Tuesday, May 26, 2009

Making sense of surveys

I was looking for numbers to support/refute my simple, not so original hypothesis about Kerala's political dynamics. I tend to mostly believe CSDS data: because I mostly find Yogendra Yadav's analysis agreeable. At any rate, he is the better than the clueless TV journalists and newspaper editors like Shekhar Gupta and Veer Sanghvi.

However, in the data that appeared in yesterday's Hindu: it says the LDF lost 13% of Nair vote between 2004 and 2006, and the UDF gained only 4% of the Nair vote. So the 9% would have gone to the BJP or independents. The BJP's total votes came down from 10% to 6%, and Nairs and upper caste Hindus are the social groups they find some acceptance, thus "ungaining" say: 10% of total Nair vote. Now we have about 20% of Nair votes "swinging", yet the UDF has gained only 4% (as per CSDS).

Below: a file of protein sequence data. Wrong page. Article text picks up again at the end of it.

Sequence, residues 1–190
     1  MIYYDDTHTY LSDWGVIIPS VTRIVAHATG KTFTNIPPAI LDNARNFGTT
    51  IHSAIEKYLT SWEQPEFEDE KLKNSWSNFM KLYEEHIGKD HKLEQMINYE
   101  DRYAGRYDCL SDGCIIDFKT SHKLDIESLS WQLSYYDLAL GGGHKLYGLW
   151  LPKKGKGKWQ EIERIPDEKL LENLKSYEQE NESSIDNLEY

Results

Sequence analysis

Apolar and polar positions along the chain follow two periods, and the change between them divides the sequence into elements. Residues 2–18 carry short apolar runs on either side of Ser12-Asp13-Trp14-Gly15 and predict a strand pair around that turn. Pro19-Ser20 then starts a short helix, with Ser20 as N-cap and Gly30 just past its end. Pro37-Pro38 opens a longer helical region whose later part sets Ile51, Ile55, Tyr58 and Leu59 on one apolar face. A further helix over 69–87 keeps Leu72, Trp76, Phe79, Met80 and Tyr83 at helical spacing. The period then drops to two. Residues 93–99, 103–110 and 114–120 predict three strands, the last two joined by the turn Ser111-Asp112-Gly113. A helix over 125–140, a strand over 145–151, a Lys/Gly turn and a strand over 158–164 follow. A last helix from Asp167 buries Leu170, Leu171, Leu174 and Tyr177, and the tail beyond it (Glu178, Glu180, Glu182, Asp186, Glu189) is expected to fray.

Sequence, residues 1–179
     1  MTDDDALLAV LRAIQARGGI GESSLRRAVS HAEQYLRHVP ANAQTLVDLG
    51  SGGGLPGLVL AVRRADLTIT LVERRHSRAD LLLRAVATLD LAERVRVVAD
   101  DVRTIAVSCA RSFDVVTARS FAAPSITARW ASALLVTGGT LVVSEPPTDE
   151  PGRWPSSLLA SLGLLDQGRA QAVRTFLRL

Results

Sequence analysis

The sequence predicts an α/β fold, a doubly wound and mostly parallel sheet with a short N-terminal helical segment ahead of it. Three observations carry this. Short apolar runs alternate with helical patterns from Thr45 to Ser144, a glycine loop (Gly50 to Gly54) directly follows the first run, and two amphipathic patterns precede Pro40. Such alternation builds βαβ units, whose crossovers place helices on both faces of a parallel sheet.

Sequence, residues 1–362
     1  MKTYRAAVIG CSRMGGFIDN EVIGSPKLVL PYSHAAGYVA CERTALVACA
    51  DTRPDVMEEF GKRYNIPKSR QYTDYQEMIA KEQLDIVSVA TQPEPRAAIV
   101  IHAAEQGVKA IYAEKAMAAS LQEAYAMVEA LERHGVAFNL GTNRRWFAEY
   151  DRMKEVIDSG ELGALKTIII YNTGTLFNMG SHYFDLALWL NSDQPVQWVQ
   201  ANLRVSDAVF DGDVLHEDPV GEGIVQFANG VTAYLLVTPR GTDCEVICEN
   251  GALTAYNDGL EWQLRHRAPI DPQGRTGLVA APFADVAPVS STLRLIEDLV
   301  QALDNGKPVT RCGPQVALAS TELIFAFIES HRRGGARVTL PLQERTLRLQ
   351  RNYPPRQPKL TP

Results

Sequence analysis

The overall polling percentage increased by about 2%, so nothing there to account for a 10% of a group that makes 13% of total electorate not voting at all . 10% of 13% of 73% of 2.2 crores is about 2 lakhs - the most famous "independent" Neelalohitadasan Nadar - who might have mostly got Nadar votes - got only 1 lakh votes(only 50000 Nairs would have voted in TVM anyway, and mind you, Shashi Tharoor is a candidate that would have absorbed all upper caste votes, and also, we have a stronger BJP presence in TVM). Considering the BJP's swings as well, we have to explain for at least 4 lakh Nair votes.

Apart from Nairs, the only other group that shows a major swing as per the survey is the Christian group (13%). The rest, with swings of 5% or less, and considering the sampling errors of the survey, throw very little in terms of "which group voted for whom differently this time". I don't know what to make out of the survey, and to what extend this kind of data can be used to gain any insight into what actually happened.

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